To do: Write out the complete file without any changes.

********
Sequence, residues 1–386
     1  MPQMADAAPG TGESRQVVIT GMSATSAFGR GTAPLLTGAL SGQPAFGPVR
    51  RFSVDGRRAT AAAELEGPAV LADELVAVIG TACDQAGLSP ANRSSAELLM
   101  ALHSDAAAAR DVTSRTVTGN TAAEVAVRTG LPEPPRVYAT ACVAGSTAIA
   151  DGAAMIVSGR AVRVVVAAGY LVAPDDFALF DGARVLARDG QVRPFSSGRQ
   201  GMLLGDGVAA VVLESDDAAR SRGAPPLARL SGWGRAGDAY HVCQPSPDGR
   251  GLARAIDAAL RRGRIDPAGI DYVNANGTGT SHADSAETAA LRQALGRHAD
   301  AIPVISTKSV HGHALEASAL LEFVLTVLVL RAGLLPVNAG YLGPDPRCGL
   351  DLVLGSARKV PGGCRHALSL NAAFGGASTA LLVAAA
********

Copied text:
Sequence, residues 1–386
     1  MPQMADAAPG TGESRQVVIT GMSATSAFGR GTAPLLTGAL SGQPAFGPVR
    51  RFSVDGRRAT AAAELEGPAV LADELVAVIG TACDQAGLSP ANRSSAELLM
   101  ALHSDAAAAR DVTSRTVTGN TAAEVAVRTG LPEPPRVYAT ACVAGSTAIA
   151  DGAAMIVSGR AVRVVVAAGY LVAPDDFALF DGARVLARDG QVRPFSSGRQ
   201  GMLLGDGVAA VVLESDDAAR SRGAPPLARL SGWGRAGDAY HVCQPSPDGR
   251  GLARAIDAAL RRGRIDPAGI DYVNANGTGT SHADSAETAA LRQALGRHAD
   301  AIPVISTKSV HGHALEASAL LEFVLTVLVL RAGLLPVNAG YLGPDPRCGL
   351  DLVLGSARKV PGGCRHALSL NAAFGGASTA LLVAAA